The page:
Studies have shown that eating healthy can have the benefits of preventing diabetes. Here's a new medical study with a conclusion that might just change your life: eat healthy.
"Type 2 diabetes is one of the major consequences of the obesity epidemic. The combination of massive changes to diet and the food supply, combined with massive changes to physical activity with more sedentary work and less activity, means most populations are seeing more type 2 diabetes."
Type 2 diabetes is sometimes referred to as the "lifestyle disease". This is because it is more common with those who do limited exercise, are overweight or obese and don't follow a healthy diet. Type 2 diabetes is strongly related to high blood pressure, abnormal cholesterol levels and excess weight.
Research shows that type 2 diabetes can be prevented or delayed with lifestyle changes. These studies show that people who choose a diet that are predominately consists of plant based foods significantly reduce their chances of developing type 2 diabetes by around 34%.1 Those who make less healthy choices can be at a greater risk of developing type 2 diabetes.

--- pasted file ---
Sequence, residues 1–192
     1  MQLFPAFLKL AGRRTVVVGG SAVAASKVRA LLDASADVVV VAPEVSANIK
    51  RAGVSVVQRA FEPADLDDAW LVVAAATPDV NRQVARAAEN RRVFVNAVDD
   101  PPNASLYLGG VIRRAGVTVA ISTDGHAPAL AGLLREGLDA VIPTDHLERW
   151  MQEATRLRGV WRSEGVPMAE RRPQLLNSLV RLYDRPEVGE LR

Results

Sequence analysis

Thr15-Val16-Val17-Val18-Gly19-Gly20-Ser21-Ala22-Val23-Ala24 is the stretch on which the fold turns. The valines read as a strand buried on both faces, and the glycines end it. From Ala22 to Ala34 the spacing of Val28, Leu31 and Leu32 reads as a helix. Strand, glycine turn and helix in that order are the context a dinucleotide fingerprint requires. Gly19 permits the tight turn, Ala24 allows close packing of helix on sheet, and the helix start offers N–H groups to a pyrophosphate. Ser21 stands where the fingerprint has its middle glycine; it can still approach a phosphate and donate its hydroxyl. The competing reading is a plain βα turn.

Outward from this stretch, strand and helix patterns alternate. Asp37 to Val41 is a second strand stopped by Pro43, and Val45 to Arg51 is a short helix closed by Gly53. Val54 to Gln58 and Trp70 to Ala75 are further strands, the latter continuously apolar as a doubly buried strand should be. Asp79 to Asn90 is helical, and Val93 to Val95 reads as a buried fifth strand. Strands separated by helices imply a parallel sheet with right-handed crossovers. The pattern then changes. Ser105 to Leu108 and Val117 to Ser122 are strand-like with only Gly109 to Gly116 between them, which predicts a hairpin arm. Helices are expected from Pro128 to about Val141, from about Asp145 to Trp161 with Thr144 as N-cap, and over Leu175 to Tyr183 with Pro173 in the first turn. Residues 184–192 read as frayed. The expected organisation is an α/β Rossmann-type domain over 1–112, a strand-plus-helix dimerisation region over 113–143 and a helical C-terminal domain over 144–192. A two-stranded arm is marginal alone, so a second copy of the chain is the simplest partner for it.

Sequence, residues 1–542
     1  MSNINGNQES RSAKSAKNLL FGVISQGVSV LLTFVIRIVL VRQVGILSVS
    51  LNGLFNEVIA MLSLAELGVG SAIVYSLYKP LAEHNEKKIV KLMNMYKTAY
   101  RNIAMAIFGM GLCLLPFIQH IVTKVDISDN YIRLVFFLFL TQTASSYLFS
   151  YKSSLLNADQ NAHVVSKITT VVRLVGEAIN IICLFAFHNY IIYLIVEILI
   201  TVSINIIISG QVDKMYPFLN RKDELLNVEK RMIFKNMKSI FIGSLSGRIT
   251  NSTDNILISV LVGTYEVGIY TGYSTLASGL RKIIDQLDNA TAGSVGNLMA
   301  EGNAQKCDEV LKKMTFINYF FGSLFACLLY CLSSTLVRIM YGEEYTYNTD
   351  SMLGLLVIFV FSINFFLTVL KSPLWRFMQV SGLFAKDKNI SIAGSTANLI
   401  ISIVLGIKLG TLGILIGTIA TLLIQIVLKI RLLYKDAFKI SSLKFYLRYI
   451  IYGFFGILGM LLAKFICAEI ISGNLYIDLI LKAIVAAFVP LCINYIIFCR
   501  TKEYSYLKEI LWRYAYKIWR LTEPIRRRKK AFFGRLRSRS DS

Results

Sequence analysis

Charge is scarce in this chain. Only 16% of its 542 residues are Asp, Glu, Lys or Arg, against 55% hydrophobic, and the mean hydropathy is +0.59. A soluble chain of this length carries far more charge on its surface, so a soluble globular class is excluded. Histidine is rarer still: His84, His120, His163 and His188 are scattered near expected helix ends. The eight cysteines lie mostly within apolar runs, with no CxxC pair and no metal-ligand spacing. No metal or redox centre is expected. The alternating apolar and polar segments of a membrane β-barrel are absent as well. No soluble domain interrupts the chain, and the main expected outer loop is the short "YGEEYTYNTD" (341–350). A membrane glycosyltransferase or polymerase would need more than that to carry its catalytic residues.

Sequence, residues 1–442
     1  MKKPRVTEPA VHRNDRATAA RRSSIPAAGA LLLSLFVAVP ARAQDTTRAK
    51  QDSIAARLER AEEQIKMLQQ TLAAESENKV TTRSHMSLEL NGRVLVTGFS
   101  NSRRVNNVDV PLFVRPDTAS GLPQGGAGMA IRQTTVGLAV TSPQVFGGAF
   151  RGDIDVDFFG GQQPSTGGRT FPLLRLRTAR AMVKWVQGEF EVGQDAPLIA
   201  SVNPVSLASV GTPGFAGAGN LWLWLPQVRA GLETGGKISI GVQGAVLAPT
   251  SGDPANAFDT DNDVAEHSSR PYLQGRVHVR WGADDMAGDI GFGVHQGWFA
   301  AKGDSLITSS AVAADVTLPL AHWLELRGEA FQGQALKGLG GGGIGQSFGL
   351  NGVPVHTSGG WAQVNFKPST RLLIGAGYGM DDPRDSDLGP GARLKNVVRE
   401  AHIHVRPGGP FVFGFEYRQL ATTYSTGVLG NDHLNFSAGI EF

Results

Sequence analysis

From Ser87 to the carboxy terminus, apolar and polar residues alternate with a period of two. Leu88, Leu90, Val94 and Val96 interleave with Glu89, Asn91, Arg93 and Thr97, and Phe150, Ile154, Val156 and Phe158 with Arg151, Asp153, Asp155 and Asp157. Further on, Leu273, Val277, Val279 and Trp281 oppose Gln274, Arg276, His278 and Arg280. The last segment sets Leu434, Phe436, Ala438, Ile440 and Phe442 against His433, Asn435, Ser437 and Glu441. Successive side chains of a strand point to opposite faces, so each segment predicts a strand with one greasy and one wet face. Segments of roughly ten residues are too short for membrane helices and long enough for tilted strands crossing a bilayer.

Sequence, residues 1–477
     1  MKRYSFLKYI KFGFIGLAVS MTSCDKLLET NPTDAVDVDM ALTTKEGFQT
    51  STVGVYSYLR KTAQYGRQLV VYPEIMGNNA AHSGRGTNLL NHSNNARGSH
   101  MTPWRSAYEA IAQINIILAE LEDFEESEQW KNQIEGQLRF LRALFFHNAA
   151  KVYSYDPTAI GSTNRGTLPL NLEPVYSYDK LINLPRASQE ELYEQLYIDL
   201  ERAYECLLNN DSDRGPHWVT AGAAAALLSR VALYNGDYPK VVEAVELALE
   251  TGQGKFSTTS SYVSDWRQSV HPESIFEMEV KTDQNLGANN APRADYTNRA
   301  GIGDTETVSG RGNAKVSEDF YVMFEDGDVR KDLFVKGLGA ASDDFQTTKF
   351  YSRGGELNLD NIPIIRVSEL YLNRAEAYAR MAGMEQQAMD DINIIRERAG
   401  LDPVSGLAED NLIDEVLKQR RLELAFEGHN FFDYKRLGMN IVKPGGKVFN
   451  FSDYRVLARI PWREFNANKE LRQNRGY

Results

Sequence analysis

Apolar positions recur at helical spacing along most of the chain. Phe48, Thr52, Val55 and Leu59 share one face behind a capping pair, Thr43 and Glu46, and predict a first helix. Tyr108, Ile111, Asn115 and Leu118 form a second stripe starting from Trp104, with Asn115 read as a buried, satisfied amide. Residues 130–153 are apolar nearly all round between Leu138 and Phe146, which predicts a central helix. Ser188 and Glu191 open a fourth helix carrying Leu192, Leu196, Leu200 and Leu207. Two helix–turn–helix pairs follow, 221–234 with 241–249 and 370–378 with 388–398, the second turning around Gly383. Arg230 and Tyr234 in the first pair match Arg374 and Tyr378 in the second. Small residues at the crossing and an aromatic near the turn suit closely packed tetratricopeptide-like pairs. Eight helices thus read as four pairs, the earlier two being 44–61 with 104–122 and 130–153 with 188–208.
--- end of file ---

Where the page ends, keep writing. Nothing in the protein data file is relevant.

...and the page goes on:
Lifestyle risk factors for type 2 diabetes
There are a number of risk factors for type 2 diabetes over which you can have some control. These include:
- being overweight or obese, especially around the waist
- low levels of exercise
- unhealthy eating habits
- cigarette smoking
Current recommendations for a healthy diet
- Half of your plate should consist of whole fruits and vegetables, the other half should be divided between protein on the one quarter and grains on the other quarter.
- Reduce the intake of saturated fat, processed foods, added sugar.
- Always read the nutrition label and choose the product with the healthiest ingredients.
- Eating a diet that is higher in plant foods such as vegetables, legumes, whole grains, nuts, seeds, fruit is health promoting.